On Friday the 22nd at 1:25, working group members are invited to join the seminar on medieval cosmologies in Goldwin Smith G19 for further discussion with the lecturer (1:25-3:00). Those planning to attend may contact Andrew Hicks (ajh299@cornell.edu) for copies of the readings.

F. Jamil Ragep’s visit is made possible by the generous support of the Cornell Institute of European Studies Luigi Einaudi Chair Innovation Fund and the Department of Near Eastern Studies.

For more information on the working group:

http://blogs.cornell.edu/cosmologies

Eric Ramírez-Weaver to deliver “Medieval Cosmologies” Lecture

Eric Ramírez-Weaver, Assistant Professor in Medieval Art at the University of Virginia, will deliver a presentation entitled “Constellations of Influence in Prague: the Astronomical Anthology for Wenceslas IV,” at 4:30 p.m. this Thursday, November 7, in Goldwin Smith Hall room G22.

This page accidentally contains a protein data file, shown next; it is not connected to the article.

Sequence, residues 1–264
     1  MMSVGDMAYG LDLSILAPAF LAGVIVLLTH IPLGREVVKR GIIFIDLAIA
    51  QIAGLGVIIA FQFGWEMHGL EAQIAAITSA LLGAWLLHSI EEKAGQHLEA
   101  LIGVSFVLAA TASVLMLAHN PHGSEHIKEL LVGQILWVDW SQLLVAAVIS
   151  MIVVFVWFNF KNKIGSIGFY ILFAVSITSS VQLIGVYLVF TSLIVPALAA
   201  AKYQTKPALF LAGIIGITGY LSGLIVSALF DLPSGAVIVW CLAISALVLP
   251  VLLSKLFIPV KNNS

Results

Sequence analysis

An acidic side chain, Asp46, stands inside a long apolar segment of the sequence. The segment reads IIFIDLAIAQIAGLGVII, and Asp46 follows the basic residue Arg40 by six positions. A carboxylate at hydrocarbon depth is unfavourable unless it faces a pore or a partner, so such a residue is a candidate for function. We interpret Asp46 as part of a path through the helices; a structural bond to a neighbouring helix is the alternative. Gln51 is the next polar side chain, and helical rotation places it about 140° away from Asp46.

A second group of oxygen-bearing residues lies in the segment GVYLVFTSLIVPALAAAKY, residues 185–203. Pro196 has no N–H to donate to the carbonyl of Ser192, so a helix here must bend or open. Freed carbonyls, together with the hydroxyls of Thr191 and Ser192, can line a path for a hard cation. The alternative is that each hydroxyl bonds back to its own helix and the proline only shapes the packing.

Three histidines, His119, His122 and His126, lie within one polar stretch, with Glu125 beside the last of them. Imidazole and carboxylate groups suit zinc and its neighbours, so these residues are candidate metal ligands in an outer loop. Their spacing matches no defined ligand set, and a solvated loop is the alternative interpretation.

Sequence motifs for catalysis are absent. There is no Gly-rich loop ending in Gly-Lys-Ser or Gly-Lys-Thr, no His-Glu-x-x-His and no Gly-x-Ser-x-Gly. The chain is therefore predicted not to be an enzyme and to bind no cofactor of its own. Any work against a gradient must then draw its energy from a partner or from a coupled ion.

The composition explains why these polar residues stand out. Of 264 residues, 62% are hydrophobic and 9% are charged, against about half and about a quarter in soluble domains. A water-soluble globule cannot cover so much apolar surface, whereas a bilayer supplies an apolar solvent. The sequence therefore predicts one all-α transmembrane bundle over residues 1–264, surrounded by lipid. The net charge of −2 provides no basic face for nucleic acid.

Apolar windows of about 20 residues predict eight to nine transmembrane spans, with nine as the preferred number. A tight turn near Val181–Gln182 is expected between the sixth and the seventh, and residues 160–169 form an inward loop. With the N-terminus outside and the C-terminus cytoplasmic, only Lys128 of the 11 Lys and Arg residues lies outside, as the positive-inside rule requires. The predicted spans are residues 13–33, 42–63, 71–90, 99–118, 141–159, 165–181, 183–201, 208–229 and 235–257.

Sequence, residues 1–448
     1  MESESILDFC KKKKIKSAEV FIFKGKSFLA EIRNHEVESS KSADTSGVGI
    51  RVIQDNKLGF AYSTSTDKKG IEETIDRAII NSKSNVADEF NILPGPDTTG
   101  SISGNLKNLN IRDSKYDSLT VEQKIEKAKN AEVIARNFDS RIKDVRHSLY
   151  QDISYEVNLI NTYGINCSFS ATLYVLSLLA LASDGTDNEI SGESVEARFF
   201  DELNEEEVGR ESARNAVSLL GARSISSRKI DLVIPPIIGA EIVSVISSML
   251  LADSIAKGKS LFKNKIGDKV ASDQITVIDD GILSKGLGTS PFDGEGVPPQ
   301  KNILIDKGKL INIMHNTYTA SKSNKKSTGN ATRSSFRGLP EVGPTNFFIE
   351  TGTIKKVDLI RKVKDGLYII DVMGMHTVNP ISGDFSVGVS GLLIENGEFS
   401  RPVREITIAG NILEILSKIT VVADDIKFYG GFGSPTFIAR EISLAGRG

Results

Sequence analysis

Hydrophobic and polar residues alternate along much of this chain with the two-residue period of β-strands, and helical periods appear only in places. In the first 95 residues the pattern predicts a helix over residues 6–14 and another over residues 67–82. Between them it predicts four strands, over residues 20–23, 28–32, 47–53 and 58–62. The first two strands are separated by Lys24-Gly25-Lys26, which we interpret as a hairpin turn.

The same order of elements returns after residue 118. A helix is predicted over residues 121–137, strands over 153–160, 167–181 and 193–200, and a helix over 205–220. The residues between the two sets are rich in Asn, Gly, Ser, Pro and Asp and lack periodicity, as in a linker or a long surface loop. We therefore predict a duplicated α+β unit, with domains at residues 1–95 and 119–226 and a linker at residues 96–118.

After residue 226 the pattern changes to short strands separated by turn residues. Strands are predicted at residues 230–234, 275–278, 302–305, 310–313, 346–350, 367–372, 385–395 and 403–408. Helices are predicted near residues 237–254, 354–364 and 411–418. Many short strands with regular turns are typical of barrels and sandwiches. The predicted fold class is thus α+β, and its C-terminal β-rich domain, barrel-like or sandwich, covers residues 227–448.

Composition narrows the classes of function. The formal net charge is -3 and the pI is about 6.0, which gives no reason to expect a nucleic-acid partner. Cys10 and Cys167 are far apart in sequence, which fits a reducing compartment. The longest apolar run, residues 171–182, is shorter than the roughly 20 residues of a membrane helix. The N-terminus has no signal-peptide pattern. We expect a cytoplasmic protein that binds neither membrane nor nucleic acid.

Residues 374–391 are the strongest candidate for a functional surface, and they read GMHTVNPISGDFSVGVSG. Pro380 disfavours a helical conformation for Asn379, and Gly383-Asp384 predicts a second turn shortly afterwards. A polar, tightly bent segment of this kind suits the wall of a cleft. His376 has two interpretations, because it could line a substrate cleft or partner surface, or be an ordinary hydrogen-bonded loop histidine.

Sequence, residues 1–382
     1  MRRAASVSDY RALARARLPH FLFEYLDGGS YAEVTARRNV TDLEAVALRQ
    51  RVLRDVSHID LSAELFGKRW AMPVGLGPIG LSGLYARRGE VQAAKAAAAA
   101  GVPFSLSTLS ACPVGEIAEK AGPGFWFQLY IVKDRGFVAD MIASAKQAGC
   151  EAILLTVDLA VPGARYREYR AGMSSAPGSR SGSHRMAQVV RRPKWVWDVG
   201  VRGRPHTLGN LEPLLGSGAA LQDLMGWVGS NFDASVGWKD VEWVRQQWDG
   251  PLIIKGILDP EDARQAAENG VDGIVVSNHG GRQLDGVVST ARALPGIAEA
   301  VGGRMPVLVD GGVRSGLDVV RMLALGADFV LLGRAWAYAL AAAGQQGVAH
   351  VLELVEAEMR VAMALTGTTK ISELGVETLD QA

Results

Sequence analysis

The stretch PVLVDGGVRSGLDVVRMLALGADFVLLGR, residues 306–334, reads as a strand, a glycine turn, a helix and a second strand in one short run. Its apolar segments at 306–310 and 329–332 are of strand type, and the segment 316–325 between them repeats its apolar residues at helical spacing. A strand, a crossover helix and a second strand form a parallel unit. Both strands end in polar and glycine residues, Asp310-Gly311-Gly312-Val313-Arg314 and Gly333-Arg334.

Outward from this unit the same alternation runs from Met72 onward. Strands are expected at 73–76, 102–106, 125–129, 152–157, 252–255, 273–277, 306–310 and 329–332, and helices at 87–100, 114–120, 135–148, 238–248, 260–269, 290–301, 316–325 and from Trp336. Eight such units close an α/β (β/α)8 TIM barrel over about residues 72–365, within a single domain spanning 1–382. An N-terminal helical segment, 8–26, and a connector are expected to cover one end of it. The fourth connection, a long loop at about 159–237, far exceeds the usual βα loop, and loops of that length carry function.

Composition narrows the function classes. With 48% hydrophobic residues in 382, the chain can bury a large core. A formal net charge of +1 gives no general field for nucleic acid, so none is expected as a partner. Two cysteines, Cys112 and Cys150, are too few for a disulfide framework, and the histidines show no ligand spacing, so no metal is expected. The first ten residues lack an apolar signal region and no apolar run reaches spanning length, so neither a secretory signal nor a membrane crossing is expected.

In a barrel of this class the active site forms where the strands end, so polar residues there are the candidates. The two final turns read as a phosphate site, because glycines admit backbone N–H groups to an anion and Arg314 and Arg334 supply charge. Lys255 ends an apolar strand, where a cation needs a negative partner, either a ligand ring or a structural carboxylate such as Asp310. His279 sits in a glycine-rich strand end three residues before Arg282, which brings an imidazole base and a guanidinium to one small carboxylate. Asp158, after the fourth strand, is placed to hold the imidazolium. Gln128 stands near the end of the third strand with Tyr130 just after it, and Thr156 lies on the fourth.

Dr. Ramírez-Weaver has published in Studies in Iconography and in the Ashgate anthology Negotiating Secular and Sacred in Medieval Art: Christian, Islamic, and Buddhist. Additionally, he “contributed to the catalogue for an exhibition at The Metropolitan Museum of Art, Prague, The Crown of Bohemia, 1347–1437, for which he was co-author with Gerhard Schmidt of ‘Wenceslas IV’s Books and their Illuminators.'” More information about Dr. Ramírez-Weaver here.

Event calendar entry here.